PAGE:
A History of Rapid Tranquilization

Kermit Cole
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A paper by Joanna Moncrieff and Laura Allison in the journal History of Psychiatry reviews “the theory and practice of emergency sedation for behavioural disturbance in psychiatry in the mid-twentieth century, and the emergence of the concept of ‘rapid tranquilization’” by antipsychotics.  “… Research suggests that antipsychotics became the mainstay of rapid tranquillisation strategies because of beliefs about their specific therapeutic properties in psychosis and schizophrenia” they write, “and not because of demonstrated superiority over other agents.”

Abstract →

Allison, L., Moncrieff, J.; ‘Rapid tranquillisation’: an historical perspective on its emergence in the context of the development of antipsychotic medications. History of Psychiatry. March, 2014. 25(1) 57069

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Kermit Cole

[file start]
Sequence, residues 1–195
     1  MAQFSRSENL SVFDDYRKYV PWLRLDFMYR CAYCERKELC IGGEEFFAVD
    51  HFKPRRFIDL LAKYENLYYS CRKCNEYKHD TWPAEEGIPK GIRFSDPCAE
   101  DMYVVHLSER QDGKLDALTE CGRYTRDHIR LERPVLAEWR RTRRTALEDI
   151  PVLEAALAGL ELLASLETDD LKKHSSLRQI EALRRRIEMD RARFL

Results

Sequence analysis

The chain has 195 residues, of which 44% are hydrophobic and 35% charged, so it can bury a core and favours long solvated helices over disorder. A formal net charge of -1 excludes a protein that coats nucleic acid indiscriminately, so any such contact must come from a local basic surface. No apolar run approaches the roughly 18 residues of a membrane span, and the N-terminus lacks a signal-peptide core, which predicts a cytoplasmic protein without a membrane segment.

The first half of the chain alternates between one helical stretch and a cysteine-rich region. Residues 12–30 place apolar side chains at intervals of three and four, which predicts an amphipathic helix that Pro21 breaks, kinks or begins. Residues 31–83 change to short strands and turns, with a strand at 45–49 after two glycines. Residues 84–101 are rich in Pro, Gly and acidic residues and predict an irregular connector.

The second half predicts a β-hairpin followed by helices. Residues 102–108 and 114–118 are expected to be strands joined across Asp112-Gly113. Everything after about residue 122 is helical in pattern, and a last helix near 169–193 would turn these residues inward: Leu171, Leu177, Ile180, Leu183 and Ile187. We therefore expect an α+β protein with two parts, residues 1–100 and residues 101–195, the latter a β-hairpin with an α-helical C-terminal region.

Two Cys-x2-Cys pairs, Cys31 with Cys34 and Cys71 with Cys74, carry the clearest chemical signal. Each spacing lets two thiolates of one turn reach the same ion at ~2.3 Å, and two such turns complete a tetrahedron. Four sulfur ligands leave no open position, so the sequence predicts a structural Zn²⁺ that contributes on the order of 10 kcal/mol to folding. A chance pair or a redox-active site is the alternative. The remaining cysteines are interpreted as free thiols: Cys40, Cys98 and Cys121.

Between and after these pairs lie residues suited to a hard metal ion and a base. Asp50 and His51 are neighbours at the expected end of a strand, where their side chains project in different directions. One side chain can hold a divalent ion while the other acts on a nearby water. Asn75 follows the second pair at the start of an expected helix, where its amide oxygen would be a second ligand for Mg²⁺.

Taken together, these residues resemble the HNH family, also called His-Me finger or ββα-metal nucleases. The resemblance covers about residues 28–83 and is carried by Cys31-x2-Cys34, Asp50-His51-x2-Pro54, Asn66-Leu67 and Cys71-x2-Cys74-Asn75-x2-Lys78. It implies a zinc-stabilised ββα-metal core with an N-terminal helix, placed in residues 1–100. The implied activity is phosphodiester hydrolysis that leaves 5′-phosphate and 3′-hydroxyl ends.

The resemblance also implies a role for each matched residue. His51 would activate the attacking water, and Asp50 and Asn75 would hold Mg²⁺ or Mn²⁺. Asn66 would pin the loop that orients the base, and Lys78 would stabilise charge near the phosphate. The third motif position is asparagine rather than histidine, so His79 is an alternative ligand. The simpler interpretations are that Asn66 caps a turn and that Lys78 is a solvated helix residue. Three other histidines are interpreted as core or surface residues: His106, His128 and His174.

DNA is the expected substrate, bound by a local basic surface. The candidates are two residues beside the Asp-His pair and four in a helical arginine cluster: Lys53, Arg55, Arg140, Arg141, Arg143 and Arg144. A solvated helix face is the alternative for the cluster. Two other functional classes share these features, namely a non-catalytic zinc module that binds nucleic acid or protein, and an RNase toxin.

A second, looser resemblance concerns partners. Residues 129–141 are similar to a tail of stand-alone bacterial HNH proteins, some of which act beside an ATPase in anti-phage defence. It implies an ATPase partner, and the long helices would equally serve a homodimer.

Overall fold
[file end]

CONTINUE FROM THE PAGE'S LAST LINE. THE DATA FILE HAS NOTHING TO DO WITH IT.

Kermit Cole, MFT, founding editor of Mad in America, works in Santa Fe, New Mexico as a couples and family therapist. Inspired by Open Dialogue, he works as part of a team and consults with couples and families that have members identified as patients. His work in residential treatment — largely with severely traumatized and/or "psychotic" clients — led to an appreciation of the power and beauty of systemic philosophy and practice, as the alternative to the prevailing focus on individual pathology. A former film-maker, he has undergraduate and master's degrees in psychology from Harvard University, as well as an MFT degree from the Council for Relationships in Philadelphia. He is a doctoral candidate with the Taos Institute and the Free University of Brussels. You can reach him at [email protected]